Culture Secretary Jeremy Hunt was today criticised by Labour MPs for meeting News Corporation boss Rupert Murdoch on the fringes of the Olympic Games.
John Mann said it was “quite inappropriate” for Hunt to chat with the media mogul, while Jim Sheridan said he appeared to show “no contrition” over his handling of News Corp‘s bid for satellite broadcaster BSkyB.
But a source close to the Culture Secretary said the meeting was no more than a chance encounter after the pair separately attended swimming events at the London 2012 Aquatics Centre last night
ITN captured footage of Murdoch waving to Hunt after he spotted the Government minister outside the swimming venue in east London.
The two men shook hands and smiled as they exchanged a few words before parting, but their conversation, lasting less than a minute, was not recorded.
An aide to Hunt told the Press Association: “They were both at the swimming and bumped into each other and shook hands and said hello. That’s all there was to it. I think they were talking about the swimming.”
Murdoch was at the Aquatics Centre as a guest of London Mayor Boris Johnson, while Hunt is a regular visitor to the Olympic venues in his capacity as Culture Secretary.
Mann told the Press Association: “Hunt just doesn’t seem to be able to help himself. He is repeatedly careless and this is another example of it.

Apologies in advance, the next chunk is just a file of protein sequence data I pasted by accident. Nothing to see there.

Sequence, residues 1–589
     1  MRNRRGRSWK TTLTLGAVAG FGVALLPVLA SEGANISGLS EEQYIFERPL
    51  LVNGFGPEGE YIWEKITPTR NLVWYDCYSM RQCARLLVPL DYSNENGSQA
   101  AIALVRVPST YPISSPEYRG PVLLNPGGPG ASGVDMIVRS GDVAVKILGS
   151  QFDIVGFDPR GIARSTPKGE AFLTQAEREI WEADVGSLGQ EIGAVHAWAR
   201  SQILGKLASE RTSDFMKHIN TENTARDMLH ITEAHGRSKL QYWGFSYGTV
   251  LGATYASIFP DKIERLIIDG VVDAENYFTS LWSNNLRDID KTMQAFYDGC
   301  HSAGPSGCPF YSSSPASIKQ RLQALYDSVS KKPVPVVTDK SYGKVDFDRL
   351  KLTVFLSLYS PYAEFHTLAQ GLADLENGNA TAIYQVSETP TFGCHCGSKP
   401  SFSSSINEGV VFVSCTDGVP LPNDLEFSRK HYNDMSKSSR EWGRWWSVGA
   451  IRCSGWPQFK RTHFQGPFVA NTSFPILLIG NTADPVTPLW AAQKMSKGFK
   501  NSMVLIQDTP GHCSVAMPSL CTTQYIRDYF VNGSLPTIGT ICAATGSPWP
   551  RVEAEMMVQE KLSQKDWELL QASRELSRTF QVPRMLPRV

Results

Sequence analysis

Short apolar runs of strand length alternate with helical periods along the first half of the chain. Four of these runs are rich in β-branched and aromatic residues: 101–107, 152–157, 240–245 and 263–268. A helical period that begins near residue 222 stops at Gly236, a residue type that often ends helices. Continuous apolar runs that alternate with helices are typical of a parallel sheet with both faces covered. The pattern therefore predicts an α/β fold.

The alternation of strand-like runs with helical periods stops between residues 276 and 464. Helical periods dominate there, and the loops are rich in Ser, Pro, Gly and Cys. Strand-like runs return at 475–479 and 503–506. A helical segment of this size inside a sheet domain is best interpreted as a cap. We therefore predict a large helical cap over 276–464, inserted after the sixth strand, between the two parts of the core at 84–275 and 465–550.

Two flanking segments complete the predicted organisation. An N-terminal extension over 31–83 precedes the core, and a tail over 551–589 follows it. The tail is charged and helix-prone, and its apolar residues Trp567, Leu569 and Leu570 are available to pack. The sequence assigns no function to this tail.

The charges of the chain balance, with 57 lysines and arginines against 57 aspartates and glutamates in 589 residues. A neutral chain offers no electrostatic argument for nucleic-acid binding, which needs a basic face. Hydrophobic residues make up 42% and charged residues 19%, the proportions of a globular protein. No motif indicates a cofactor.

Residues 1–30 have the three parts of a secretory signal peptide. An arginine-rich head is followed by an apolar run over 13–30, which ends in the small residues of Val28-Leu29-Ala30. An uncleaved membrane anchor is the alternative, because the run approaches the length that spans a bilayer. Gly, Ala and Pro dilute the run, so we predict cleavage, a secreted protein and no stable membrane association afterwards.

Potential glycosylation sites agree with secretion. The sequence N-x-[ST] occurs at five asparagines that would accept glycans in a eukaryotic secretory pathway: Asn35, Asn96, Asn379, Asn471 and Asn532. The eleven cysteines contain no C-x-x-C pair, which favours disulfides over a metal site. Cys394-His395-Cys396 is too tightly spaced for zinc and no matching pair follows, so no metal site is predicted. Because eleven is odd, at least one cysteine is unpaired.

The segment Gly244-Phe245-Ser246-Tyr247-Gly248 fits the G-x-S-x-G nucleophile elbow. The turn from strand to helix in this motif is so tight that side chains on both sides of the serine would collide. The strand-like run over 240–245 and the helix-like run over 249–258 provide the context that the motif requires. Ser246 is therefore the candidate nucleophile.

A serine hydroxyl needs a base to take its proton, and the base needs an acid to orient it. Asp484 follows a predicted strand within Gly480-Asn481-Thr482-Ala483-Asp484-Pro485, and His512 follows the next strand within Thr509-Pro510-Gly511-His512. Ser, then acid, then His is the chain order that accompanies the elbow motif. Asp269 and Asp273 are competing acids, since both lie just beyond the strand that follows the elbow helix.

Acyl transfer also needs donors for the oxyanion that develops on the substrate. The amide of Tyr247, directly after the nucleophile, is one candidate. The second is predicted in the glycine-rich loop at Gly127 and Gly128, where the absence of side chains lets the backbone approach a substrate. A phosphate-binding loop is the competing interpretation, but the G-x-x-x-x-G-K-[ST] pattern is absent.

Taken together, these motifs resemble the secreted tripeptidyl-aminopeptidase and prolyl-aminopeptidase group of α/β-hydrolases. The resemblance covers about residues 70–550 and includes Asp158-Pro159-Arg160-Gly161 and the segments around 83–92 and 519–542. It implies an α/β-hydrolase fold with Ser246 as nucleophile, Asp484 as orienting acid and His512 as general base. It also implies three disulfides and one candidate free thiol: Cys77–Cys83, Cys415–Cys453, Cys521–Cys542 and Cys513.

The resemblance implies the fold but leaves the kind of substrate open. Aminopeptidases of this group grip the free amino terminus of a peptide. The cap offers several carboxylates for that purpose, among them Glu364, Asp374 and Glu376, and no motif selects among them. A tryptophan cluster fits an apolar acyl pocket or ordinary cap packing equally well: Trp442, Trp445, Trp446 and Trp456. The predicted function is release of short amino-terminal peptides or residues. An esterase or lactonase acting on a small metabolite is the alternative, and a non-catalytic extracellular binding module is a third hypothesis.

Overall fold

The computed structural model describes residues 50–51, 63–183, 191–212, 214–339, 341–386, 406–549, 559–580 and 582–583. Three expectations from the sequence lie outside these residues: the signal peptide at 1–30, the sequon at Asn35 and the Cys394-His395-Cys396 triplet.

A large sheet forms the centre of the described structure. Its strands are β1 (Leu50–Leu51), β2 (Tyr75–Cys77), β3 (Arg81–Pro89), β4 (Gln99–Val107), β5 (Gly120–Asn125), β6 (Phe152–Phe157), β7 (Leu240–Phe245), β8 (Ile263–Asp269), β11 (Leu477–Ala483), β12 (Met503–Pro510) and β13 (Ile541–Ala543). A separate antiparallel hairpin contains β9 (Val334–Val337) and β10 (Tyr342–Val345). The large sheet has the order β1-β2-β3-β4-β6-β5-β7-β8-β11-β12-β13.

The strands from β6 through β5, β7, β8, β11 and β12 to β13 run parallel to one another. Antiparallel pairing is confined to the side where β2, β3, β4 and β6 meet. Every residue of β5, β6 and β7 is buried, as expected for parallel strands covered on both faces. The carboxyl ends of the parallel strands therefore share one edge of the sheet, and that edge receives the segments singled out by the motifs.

“It’s quite inappropriate, after what has happened, that the two of them should be together at any stage. He should be avoiding Rupert Murdoch like the plague.”
And Sheridan, a member of the Commons Culture Committee which carried out an inquiry into phone-hacking at the News Corp-owned News of the World, said it appeared the relationship between Hunt and Murdoch was “as close as ever”.
“The relationship between the Conservative Party and the Murdoch empire still looks strong,” said Sheridan.
“And after everything that’s gone on, the very fact that Boris Johnson invited Murdoch to the Olympics is outrageous.
“What do Milly Dowler’s family make of that I wonder? There appears to be no contrition whatsoever for the mistakes.”
Murdoch has faced questioning on the hacking of mobile phones, including that of teenage murder victim Milly Dowler, by both the MPs’ committee and the Leveson Inquiry into press standards.
Seven former journalists at the News of the World, including ex-editors Rebekah Brooks and Andy Coulson, have been charged with offences in relation to the phone-hacking inquiry.
Hunt came under intense pressure earlier this year when the Leveson Inquiry uncovered a cache of emails detailing contacts between his office and News Corp lobbyist Fred Michel during the abortive bid for BSkyB.
Critics also questioned his impartiality after it emerged he had written to David Cameron prior to being given quasi-judicial authority over the bid, arguing the case for the deal to go ahead. However, the Culture Secretary insisted he had handled the case impartially on the basis of independent advice.